Photokeratitis: Can Your Eyes Get Sunburnt?

Learn about photokeratitis, the sunburn of the eyes, from our optometrist. Understand causes, symptoms, treatments, and prevention strategies.

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Photokeratitis: Can Your Eyes Get Sunburnt? Optometrist

Amplify EyeCare optometrists have often come across patients who were not aware that the sun could potentially harm their eyes. It's not widely known, but just as your skin can get sunburnt, so too can your eyes, this is especially true for children who are more susceptible to photokeratitis. This condition is called photokeratitis.

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Protecting Your Child’s Eyes From The Sun

According to the World Health Organization, a child will have received 80% of their lifelong UV exposure from the sun by the age of 18. Children are more at risk due to the lack of filtering present in their eye, as well as the increased likelihood of them looking for extended periods of time in the sun. It is important to ensure that your child is wearing UV protection and understands the danger of excessive exposure to the sun.

What is Photokeratitis?

Photokeratitis is a condition that results from the eyes' overexposure to ultraviolet (UV) rays. In layman's terms, photokeratitis is akin to a sunburn but occurs in the eyes. Some might even call it a snow blindness, as it frequently happens in snowy environments where the UV rays reflect off the white surface and into the eyes. However, this doesn't mean it only happens in the snow. Photokeratitis can occur anywhere as long as the eyes are exposed to intense UV radiation without appropriate protection.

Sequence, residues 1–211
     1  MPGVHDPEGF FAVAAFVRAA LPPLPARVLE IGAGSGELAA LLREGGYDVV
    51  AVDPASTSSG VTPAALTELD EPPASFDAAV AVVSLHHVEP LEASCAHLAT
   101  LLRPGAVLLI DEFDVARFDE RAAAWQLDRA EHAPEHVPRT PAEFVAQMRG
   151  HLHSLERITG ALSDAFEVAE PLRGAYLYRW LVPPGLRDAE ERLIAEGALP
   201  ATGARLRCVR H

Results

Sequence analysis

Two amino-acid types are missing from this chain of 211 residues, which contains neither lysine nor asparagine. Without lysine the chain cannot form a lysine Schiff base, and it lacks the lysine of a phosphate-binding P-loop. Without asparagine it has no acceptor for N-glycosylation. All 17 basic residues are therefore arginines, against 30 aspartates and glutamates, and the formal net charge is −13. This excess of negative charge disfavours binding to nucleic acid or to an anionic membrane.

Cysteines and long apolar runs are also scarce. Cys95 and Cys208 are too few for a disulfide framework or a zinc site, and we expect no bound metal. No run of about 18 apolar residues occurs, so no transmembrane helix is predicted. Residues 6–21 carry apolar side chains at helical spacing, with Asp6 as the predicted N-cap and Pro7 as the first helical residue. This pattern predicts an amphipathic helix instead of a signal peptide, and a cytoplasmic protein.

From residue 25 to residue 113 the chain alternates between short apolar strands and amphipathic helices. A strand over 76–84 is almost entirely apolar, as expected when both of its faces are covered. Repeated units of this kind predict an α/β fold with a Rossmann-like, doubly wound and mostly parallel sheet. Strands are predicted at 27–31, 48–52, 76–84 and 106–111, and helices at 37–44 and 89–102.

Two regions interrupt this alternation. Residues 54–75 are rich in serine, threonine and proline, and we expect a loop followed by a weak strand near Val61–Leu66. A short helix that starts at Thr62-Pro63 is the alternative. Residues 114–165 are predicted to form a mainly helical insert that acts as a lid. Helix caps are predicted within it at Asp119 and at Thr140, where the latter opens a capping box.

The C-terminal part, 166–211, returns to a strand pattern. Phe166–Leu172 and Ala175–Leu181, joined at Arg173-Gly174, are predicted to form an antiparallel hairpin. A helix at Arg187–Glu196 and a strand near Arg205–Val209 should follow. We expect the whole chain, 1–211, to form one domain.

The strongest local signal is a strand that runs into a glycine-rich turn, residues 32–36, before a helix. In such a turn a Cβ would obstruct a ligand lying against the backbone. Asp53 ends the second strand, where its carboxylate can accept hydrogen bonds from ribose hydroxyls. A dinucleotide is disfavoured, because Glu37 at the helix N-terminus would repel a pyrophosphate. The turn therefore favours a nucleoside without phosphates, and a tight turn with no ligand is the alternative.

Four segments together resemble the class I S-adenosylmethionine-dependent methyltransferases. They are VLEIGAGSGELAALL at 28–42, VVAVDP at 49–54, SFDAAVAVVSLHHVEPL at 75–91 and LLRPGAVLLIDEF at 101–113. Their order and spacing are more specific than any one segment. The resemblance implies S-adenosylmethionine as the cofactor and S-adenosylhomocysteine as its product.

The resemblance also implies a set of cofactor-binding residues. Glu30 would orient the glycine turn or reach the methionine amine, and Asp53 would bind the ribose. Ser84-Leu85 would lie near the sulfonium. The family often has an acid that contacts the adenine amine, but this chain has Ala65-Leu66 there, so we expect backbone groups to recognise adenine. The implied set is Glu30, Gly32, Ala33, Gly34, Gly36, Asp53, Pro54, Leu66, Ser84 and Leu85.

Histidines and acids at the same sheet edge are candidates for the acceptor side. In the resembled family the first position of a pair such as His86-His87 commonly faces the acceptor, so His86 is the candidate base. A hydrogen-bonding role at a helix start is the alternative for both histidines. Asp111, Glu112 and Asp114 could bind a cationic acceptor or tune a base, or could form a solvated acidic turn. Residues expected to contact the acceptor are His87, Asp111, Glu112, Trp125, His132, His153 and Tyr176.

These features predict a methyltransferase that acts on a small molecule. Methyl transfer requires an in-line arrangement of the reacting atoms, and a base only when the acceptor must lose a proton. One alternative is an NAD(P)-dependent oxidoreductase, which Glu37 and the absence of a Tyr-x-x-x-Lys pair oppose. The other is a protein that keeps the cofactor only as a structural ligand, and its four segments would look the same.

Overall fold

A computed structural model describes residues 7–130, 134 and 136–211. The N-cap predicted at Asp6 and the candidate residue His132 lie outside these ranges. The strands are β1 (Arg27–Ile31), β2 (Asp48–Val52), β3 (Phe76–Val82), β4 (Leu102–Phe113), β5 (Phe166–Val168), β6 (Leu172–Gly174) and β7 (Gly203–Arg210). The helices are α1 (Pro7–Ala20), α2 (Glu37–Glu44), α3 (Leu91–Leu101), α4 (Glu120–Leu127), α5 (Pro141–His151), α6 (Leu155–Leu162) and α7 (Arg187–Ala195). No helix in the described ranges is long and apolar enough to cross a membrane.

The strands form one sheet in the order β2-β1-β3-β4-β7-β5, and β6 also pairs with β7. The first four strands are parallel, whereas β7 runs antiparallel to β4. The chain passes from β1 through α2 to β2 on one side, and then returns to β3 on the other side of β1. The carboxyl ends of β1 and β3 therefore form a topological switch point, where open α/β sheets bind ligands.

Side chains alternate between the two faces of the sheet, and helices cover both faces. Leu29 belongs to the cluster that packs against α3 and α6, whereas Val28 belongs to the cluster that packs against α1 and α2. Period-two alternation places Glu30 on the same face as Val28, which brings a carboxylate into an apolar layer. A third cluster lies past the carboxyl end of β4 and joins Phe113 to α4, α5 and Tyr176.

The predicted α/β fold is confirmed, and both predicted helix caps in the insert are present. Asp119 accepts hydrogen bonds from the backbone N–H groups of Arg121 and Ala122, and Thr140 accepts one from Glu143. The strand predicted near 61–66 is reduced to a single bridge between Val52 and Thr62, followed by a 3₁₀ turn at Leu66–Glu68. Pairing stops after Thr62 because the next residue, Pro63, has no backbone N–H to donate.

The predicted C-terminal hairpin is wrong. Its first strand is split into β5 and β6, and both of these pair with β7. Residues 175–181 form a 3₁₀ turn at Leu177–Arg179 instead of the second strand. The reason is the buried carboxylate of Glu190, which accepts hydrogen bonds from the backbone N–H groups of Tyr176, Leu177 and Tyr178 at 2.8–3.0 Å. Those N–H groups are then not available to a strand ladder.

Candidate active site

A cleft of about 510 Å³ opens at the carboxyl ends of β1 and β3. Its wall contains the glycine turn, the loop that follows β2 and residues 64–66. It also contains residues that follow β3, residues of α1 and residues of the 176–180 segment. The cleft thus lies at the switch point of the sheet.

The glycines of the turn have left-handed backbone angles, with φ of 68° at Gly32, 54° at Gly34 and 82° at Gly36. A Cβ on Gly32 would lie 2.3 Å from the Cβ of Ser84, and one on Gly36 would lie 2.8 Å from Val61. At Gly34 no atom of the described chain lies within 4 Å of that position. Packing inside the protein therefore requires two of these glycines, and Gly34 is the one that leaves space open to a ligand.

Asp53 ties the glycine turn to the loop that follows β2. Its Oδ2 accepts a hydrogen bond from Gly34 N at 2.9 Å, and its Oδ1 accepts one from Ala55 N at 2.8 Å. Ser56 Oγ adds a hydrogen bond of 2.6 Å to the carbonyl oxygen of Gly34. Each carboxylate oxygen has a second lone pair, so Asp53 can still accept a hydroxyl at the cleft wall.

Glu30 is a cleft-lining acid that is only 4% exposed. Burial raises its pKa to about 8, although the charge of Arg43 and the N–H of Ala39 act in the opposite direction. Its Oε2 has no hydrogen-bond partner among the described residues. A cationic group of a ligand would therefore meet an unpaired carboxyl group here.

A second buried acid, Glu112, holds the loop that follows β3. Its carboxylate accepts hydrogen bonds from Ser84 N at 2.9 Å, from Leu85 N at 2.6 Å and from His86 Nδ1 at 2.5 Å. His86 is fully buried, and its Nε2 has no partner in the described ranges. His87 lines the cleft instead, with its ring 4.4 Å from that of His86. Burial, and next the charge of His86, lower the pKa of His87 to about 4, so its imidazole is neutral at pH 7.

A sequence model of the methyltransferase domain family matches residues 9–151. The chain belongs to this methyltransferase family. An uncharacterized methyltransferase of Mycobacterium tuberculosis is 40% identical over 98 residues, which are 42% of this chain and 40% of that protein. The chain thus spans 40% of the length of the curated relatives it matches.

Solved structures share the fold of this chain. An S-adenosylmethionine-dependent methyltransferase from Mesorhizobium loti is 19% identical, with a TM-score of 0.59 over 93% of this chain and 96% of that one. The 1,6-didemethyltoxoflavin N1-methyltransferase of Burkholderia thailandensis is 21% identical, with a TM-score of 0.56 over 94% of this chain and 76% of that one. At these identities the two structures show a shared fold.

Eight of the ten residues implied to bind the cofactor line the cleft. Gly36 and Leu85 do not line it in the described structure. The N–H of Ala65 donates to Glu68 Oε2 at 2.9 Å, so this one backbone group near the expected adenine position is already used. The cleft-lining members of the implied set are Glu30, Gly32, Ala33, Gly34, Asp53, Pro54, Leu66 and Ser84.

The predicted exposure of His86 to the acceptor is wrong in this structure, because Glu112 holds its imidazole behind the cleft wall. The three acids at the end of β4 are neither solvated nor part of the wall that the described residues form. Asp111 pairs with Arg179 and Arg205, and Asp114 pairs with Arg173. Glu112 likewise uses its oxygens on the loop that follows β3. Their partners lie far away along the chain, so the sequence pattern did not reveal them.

What causes Photokeratitis?

What causes Photokeratitis?

There are several causes that can lead to photokeratitis. The most common cause is, unsurprisingly, exposure to bright sunlight without wearing sunglasses or eyewear with UV protection.

Other photokeratitis causes may include:

  • Use of tanning beds without appropriate eye protection
  • Reflection of sunlight off water or snow
  • Certain types of light bulbs, such as halogen
  • Prolonged exposure to the sun during peak hours
  • Direct exposure to a solar eclipse without protective eyewear
What Are the Symptoms of Photokeratitis?

What Are the Symptoms of Photokeratitis?

Recognizing the symptoms of photokeratitis can help you seek timely treatment and prevent potential permanent damage. Common symptoms include:

  • Redness in the eyes
  • A gritty feeling, as if there's sand in your eyes
  • Extreme sensitivity to light
  • Excessive tearing or watering of the eyes
  • Blurred vision or temporary vision loss
  • Swelling around the eyes

If you're experiencing these symptoms and suspect you might have photokeratitis, we advise you to seek immediate attention from our eye care professional.